The "What Do I Know Grit"
Not wanting to fall into the barage of thoughtless and partisan comments following the link, I'll make a couple of observations..a) First, props to Justin Tredeau for speaking plainly about his thoughts on Ignatieff's push to recognize Quebec as a nation, suggesting same would be "based upon a smallness of thought". Shows better foresight than our curren PM (with all respect);b) His surname, unfortunately, will hurt him nationally - both in Quebec (see above as well) and, more so, in Western Canada, where, for good or ill, anyone over 40 will never foregive his father, and will, fairly or not, tar is son with that same animosity;c) To this point in time, in any event, he hasn't been tested in any seriously way to determine if he has much to offer.. I suggest the jury is strongly out, but, seeking and winning a race against a BQ incumbant is a good start.d) Final thought - whoever the future of the Liberal party is - Justin or othewise, you had best reconnect with your base, with the average Canadian, who isn't necessarily buying into the "global warming" hype, doesn't really want to pay for everyone else's daycare, and believes that the business of tending to average Canadians has been long forgotten by all parties to some degree, and the Liberal party in particular..But then, again, I'm a big, bad, Conservative.. so, what do I know :)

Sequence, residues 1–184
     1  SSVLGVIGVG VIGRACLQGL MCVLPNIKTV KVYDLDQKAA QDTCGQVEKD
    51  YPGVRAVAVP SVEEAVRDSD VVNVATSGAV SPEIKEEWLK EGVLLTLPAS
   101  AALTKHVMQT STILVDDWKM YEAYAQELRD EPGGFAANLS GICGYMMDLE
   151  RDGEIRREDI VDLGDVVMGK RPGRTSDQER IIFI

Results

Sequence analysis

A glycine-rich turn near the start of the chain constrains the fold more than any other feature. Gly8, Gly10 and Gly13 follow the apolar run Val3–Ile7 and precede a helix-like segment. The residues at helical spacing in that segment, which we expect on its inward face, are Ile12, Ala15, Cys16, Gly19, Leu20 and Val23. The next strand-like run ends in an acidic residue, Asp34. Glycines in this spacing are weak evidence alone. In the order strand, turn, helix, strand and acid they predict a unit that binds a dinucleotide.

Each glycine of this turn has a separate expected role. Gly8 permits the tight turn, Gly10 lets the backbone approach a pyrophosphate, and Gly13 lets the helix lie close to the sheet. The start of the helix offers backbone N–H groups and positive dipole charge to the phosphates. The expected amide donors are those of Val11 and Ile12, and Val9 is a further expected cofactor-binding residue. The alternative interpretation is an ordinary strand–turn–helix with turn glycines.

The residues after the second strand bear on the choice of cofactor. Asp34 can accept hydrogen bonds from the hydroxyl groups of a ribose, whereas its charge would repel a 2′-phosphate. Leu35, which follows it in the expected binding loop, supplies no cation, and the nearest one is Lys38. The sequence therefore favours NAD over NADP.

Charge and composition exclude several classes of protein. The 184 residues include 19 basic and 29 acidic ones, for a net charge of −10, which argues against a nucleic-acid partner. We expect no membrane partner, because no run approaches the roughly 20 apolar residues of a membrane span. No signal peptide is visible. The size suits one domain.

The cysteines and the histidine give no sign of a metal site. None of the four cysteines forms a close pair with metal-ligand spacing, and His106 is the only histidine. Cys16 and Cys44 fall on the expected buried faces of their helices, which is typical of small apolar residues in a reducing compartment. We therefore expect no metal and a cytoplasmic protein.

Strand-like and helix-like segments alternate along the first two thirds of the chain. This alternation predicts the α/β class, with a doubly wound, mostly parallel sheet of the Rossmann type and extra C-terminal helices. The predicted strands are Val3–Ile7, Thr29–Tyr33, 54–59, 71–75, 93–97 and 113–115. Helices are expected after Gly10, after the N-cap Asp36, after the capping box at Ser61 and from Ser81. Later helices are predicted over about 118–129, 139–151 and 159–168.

re: average Canadian not buying into global warming hypeIf I may offer an ancedote that suggests otherwise - I live in a "safe" Conservative riding (incumbant got over 60% of vote last month). When Rona Ambrose was Minister of the Environment she was scheduled to give a town hall meeting here to discuss the new "Made in Canada" plan. I went, thinking I might be one of only a few non-Conservatives there. Well, the meeting was SRO with people spilling out into the hallway, and it was a hostile crowd. Ambrose had an excuse not to attend and sent her Parliamentary Secretary Mark Warawa in her place, where he was grilled, fried, and otherwise had his goose cooked by the audience, who peppered him with questions. (most of which he answered with "12 years of Liberal blah blah blah..."). Many claimed to have been Con voters all their lives but were mad as hell that nothing effective was being planned by the government on climate change. Most people had a clear understanding of intensity based targets, which actually allow emissions to get higher. They wanted to know why the government wasn't investing in green technology R&D, and they were visibly and audibly pissed off. So, respectfully, I disagree. I think the average Canadian, even a lot of Conservatives, understand and are very concerned about climate change, and are looking at their government to address the issue in a meaningful way. Kinda hard though when the government chooses to believe "Friends of Science" over actual science.